Pharmacist Pleads Guilty to Medicare Fraud Scheme
A California man pleaded guilty today to submitting fraudulent claims to Medicare for prescription drugs that were never dispensed to patients.
According to court documents, Paul Mansour, 55, of Sierra Madre, was a pharmacist at a Sierra Madre-based pharmacy, Mansour Partners Inc., doing business as Best Buy Drugs, which he also co-owned. Mansour created fake patient profiles in the pharmacy’s digital filing system and added fraudulent prescription medication entries to these fictitious patient files that duplicated prescriptions for medications provided to real patients of the pharmacy. Mansour then submitted false and fraudulent claims for the drugs added in the fictitious patient files that had never been dispensed, billing Medicare for the fraudulent prescriptions in the names of real patients of the pharmacy. Between January 2017 and June 2022, Mansour caused Medicare to pay the pharmacy between approximately $600,000 and over $1 million as a result of the submission of false and fraudulent claims.
Mansour pleaded guilty to one count of health care fraud. He is scheduled to be sentenced on June 28 and faces a maximum penalty of 10 years in prison. A federal district court judge will determine any sentence after considering the U.S. Sentencing Guidelines and other statutory factors.
Assistant Attorney General Kenneth A. Polite, Jr. of the Justice Department’s Criminal Division, U.S. Attorney Martin Estrada for the Central District of California, Assistant Director Luis Quesada of the FBI’s Criminal Investigative Division, Assistant Director in Charge Donald Alway of the FBI Los Angeles Field Office, and Deputy Inspector General for Investigations Christian J. Schrank of the Department of Health and Human Services Office of Inspector General (HHS-OIG) made the announcement.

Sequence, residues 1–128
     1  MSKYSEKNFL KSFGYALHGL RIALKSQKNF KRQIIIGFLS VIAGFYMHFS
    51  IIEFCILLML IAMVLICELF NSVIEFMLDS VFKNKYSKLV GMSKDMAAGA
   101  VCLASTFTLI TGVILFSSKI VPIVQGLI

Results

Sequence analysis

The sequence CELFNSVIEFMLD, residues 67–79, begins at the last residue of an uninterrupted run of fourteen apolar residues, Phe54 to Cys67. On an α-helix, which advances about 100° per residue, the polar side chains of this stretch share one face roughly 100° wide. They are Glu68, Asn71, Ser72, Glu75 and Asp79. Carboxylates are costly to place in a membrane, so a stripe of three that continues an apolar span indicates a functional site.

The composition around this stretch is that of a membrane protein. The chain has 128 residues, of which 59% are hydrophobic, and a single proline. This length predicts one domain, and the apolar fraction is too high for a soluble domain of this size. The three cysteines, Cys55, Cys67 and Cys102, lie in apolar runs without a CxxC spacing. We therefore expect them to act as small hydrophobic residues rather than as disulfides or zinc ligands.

The FBI Los Angeles Field Office and HHS-OIG investigated the case.
Trial Attorney Helen H. Lee of the Criminal Division’s Fraud Section is prosecuting the case.
The Fraud Section leads the Criminal Division’s efforts to combat health care fraud through the Health Care Fraud Strike Force Program. Since March 2007, this program, comprised of 15 strike forces operating in 25 federal districts, has charged more than 5,000 defendants who collectively have billed federal health care programs and private insurers more than $24 billion. In addition, the Centers for Medicare & Medicaid Services, working in conjunction with the Office of the Inspector General for the Department of Health and Human Services, are taking steps to hold providers accountable for their involvement in health care fraud schemes. More information can be found at https://www.justice.gov/criminal-fraud/health-care-fraud-unit.